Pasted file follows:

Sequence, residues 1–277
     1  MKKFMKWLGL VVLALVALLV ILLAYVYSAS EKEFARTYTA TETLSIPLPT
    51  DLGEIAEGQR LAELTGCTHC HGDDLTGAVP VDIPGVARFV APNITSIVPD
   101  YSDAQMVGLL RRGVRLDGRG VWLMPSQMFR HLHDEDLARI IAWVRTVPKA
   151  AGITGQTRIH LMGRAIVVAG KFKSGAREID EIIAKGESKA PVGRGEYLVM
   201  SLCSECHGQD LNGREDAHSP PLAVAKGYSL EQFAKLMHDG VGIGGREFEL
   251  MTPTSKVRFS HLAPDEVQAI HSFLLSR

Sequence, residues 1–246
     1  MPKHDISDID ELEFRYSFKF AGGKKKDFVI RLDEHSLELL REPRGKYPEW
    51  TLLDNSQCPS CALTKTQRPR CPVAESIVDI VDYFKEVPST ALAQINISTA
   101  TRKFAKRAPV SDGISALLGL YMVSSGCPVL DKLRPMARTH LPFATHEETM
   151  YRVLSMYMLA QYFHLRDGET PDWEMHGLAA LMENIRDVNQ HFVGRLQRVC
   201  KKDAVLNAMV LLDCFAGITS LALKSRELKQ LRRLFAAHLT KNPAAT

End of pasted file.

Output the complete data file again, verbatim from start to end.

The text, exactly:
Sequence, residues 1–277
     1  MKKFMKWLGL VVLALVALLV ILLAYVYSAS EKEFARTYTA TETLSIPLPT
    51  DLGEIAEGQR LAELTGCTHC HGDDLTGAVP VDIPGVARFV APNITSIVPD
   101  YSDAQMVGLL RRGVRLDGRG VWLMPSQMFR HLHDEDLARI IAWVRTVPKA
   151  AGITGQTRIH LMGRAIVVAG KFKSGAREID EIIAKGESKA PVGRGEYLVM
   201  SLCSECHGQD LNGREDAHSP PLAVAKGYSL EQFAKLMHDG VGIGGREFEL
   251  MTPTSKVRFS HLAPDEVQAI HSFLLSR

Sequence, residues 1–246
     1  MPKHDISDID ELEFRYSFKF AGGKKKDFVI RLDEHSLELL REPRGKYPEW
    51  TLLDNSQCPS CALTKTQRPR CPVAESIVDI VDYFKEVPST ALAQINISTA
   101  TRKFAKRAPV SDGISALLGL YMVSSGCPVL DKLRPMARTH LPFATHEETM
   151  YRVLSMYMLA QYFHLRDGET PDWEMHGLAA LMENIRDVNQ HFVGRLQRVC
   201  KKDAVLNAMV LLDCFAGITS LALKSRELKQ LRRLFAAHLT KNPAAT